Streetwise Professor

November 15, 2007

The Drawdown

Filed under: Military,Politics — The Professor @ 10:48 am

There are news reports that the US will soon draw down its combat forces in Iraq, withdrawing one of the six “Surge” brigades (from the First Cav Division), with more to follow in due course.

I have mixed reactions to this news. It is indisputable (to the sentient, and those not blinded by partisanship–so in other words I’m not talking about Harry Reid or Nancy Pelosi–but hell, even the AP has figured this out) that the Surge has had remarkable results. As I predicted back in May in “Ridgeway, Abrams, Petraeus” and in February in “Hit Hard, Hit Fast, and Hit Often” seizing the initiative, taking the offensive, and implementing the basic blocking and tackling of counterinsurgency warfare have had dramatic effects on the ground in Iraq. It’s amazing what happens when one wields the most formidable military force ever seen in the world according to basic military precepts.

But . . . I have this nagging worry, and a nagging doubt. The nagging doubt is that we may be letting up too soon, condemning ourselves to the Sisyphusian task of rolling the same rock up the hill in the near future. I would rather err on the side of overkill than underkill. I realize that there are important considerations in terms of force readiness and “breaking the Army” (and the USMC), but the best way to address that problem is to win decisively soon. The Army and Corps would be best served by finishing the effort decisively even if that requires additional months of heightened operational intensity, rather than engaging in an indecisive slog over a period of years.

Here’s one analogy. One can take antibiotics for awhile, and feel a lot better, but it is important to take the entire regimen rather than stopping taking the pills as soon as the symptoms go away. The underlying cause of the symptoms remains, and must be destroyed by continuing to take the antibiotic. Stopping the pills to early can result in a worse–and much more difficult to treat–infection later.

And my worry–that this move is not Petraeus’s, based on the military situation in Iraq, but it is political, perhaps intended to undercut the upcoming Pelosi-Reid call to withhold funding until a troop withdrawal begins. Or that it is Army Chief of Staff Casey’s decision–the same General Casey who made the fundamental operational decisions that dramatically worsened things in 2005-2006 when he was the commander in Iraq. (I am still puzzled about rewarding failure with promotion.) Petraeus’s strategy was essentially to do the exact opposite of everything Casey did, and some press reports suggest that Casey has been working from the Pentagon (and receiving a sympathetic hearing from SecDef Gates) to go back to his old ways.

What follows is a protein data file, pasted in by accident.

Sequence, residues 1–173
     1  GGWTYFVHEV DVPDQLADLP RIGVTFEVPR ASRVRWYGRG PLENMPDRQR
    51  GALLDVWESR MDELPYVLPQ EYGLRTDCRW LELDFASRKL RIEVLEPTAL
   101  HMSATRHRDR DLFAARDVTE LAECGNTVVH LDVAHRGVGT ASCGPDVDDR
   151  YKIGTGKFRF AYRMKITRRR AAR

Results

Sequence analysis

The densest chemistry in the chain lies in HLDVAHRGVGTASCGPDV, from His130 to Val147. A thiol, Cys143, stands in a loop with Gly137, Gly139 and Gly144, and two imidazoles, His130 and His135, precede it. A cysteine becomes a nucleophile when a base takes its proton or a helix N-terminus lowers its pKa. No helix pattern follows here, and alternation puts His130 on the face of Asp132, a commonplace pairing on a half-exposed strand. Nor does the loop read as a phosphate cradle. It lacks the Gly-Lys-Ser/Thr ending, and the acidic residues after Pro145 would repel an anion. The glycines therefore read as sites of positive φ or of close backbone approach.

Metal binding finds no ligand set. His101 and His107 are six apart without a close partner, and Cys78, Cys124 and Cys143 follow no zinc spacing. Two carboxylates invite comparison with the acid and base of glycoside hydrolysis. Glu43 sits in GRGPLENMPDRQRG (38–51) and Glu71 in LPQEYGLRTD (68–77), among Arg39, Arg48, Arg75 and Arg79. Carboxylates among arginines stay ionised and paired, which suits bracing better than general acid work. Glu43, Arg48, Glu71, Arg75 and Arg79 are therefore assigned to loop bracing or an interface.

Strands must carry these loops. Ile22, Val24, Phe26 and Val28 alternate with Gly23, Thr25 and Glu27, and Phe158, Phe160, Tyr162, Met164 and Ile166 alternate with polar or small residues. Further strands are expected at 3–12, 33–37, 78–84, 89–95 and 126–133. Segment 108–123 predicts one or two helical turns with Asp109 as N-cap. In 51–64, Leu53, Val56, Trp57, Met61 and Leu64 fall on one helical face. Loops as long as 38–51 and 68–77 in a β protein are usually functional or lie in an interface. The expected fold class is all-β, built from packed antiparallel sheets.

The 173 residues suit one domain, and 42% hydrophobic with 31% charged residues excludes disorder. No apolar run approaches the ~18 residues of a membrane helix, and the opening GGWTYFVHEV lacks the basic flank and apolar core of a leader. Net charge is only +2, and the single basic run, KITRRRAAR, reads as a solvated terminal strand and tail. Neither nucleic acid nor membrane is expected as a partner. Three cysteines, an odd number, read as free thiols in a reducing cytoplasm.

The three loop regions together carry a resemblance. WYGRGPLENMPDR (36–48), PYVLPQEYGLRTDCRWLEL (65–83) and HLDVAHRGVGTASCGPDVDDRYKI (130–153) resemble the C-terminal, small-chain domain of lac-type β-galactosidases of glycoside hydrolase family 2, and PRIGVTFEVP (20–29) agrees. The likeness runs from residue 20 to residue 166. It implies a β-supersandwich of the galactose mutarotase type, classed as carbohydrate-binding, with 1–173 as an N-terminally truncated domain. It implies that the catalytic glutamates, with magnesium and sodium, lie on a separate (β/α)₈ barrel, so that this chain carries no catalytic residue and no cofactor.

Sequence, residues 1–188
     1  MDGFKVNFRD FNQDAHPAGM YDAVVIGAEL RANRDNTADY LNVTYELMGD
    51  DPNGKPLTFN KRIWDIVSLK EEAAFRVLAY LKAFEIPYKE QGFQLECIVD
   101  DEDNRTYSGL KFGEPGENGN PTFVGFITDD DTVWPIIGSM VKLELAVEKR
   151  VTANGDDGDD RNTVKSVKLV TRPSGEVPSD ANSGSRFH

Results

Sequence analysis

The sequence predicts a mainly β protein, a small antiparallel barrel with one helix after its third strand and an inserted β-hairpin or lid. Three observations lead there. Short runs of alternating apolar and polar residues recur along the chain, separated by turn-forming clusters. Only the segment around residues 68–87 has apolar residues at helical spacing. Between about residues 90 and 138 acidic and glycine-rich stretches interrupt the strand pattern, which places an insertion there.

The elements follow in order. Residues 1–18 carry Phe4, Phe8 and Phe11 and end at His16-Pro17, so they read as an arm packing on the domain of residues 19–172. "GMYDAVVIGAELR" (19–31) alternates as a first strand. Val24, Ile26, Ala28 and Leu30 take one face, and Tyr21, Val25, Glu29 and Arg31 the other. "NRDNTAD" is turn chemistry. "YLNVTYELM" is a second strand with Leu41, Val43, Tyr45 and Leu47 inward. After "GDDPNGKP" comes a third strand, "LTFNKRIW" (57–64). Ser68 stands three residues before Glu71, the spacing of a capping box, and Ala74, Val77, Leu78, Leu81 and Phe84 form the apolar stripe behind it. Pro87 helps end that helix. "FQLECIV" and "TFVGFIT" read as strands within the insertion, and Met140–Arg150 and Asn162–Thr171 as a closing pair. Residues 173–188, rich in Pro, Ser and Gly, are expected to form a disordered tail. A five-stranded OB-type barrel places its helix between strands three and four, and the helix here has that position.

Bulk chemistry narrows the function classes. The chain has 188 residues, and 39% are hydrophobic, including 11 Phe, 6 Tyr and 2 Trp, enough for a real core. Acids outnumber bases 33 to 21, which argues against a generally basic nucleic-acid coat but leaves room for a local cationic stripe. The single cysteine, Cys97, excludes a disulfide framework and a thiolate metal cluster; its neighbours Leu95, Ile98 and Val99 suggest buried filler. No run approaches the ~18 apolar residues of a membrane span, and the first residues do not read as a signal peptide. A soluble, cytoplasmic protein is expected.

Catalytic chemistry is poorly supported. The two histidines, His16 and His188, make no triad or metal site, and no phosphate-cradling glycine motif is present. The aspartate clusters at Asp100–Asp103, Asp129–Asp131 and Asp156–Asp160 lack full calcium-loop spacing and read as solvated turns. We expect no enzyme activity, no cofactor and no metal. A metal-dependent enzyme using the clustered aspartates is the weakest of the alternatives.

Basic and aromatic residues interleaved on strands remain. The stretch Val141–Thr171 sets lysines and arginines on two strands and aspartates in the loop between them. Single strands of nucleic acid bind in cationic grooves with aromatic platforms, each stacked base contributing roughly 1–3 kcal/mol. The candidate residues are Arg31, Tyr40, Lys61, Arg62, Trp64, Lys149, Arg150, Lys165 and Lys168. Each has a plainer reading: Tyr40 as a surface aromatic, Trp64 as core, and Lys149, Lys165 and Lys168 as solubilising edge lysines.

If this is a political calculation, it is a bad one. I think that even someone as inarticulate as Bush could make a convincing case to continue the effort given the clear signs of progress, and the distaste that many Americans have for defeat, especially when victory appears possible. Given that the battle is being won on the ground in Baghdad and Baquba and Samara and Ramadi, it is more than possible to win the battle in Washington; the disconnect between the “Peace” Democrats’ rhetoric and Iraqi reality is becoming more apparent by the day, and this disconnect is political poison. Make them eat it, or force them to concede defeat–not America’s in the military theater of Iraq, but their’s in the political theater of Washington.

In any event, first things first. If the military campaign is waged correctly, the benefits–most importantly, to the interests of the United States, and only secondarily to the political actors–will flow accordingly. If the military campaign is aborted prematurely, allowing Iraq to spiral back into blood, chaos, and despair, any political benefits from withdrawing now will be fleeting indeed. So the right thing is to begin the drawdown only if it is militarily advisable. It just so happens that the right thing is the politically expedient thing too.

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